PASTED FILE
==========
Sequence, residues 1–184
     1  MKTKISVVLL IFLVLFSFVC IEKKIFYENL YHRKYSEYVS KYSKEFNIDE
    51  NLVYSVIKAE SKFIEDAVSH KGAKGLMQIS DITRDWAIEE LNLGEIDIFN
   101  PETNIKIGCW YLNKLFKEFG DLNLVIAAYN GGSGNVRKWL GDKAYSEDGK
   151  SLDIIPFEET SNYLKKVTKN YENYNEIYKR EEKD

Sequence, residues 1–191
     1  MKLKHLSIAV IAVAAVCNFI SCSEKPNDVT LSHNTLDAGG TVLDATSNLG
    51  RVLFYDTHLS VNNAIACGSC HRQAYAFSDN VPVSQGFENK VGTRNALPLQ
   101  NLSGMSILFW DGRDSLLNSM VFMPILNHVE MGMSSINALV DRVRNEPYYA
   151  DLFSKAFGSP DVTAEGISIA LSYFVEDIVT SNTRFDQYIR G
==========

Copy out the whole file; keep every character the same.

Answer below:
Sequence, residues 1–184
     1  MKTKISVVLL IFLVLFSFVC IEKKIFYENL YHRKYSEYVS KYSKEFNIDE
    51  NLVYSVIKAE SKFIEDAVSH KGAKGLMQIS DITRDWAIEE LNLGEIDIFN
   101  PETNIKIGCW YLNKLFKEFG DLNLVIAAYN GGSGNVRKWL GDKAYSEDGK
   151  SLDIIPFEET SNYLKKVTKN YENYNEIYKR EEKD

Sequence, residues 1–191
     1  MKLKHLSIAV IAVAAVCNFI SCSEKPNDVT LSHNTLDAGG TVLDATSNLG
    51  RVLFYDTHLS VNNAIACGSC HRQAYAFSDN VPVSQGFENK VGTRNALPLQ
   101  NLSGMSILFW DGRDSLLNSM VFMPILNHVE MGMSSINALV DRVRNEPYYA
   151  DLFSKAFGSP DVTAEGISIA LSYFVEDIVT SNTRFDQYIR G